A practical guide for building and sustaining top-performing teams Based on the author's many years of consulting experience with teams in the public and private sectors, Creating Effective Teams: A Guide for Members and Leaders describes why teams are important, how they function, and what makes them productive. Susan A. Wheelan covers in depth the four stages of a team--forming, storming, norming, and performing--clearly illustrating the developmental nature of teams and describing what happens in each stage. Separate chapters are devoted to the responsibilities of team leaders and team members. Problems that occur frequently in groups are highlighted, followed by what-you-can-do sections that offer specific advice. Real-life examples and questionnaires are used throughout the book, giving readers the opportunity for self-evaluation.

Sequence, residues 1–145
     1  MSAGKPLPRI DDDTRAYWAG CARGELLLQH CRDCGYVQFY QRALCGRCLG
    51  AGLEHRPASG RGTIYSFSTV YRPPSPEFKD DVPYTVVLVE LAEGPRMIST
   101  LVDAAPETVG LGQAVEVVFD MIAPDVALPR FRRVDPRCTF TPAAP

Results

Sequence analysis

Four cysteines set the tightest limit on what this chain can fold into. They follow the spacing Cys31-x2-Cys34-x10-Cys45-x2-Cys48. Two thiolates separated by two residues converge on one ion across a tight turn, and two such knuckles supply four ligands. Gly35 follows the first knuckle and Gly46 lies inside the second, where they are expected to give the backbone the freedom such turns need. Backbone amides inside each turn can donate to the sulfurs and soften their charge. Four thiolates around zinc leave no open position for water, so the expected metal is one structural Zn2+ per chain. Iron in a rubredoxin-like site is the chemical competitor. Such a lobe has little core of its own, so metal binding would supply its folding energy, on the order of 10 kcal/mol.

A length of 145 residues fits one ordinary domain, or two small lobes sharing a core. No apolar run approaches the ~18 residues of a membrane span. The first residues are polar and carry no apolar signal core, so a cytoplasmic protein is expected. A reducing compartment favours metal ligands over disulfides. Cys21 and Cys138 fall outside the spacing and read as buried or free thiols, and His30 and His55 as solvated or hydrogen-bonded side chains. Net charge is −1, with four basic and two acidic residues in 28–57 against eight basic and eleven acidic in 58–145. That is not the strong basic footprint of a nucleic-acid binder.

Susan A. Wheelan, PhD, is president of GDQ Associates, Inc. She was professor of Psychological Studies and faculty director of the Training and Development Center at Temple University. She has worked in a number of school, hospital, and clinical settings. Dr. Wheelan received Temple University's Great Teacher Award in 1992. She is coeditor of The Lewin Legacy: Field Theory in Current Practice and Advances in Field Theory. She coauthored How to Discipline Without Feeling Guilty. Dr. Wheelan is the author of Facilitating Training Groups, Group Processes: A Developmental Perspective, The Handbook of Group Research and Practice, and Creating Effective Teams: A Guide for Members and Leaders. She has written numerous articles for publication as well. Dr. Wheelan has provided consultation to a wide variety of organizations. She has led workshops and training seminars on such topics as Executive Development, The Role of the Internal Consultant, Working in Teams, Management Skills, Communication Skills, Dealing With Difficult Employees, Leadership, Conflict Management, and many more. She has been an invited speaker in Sweden, Norway, England, Ireland, Israel, the Netherlands, and throughout the United States. Topics included group and organizational development, diversity, and conflict management.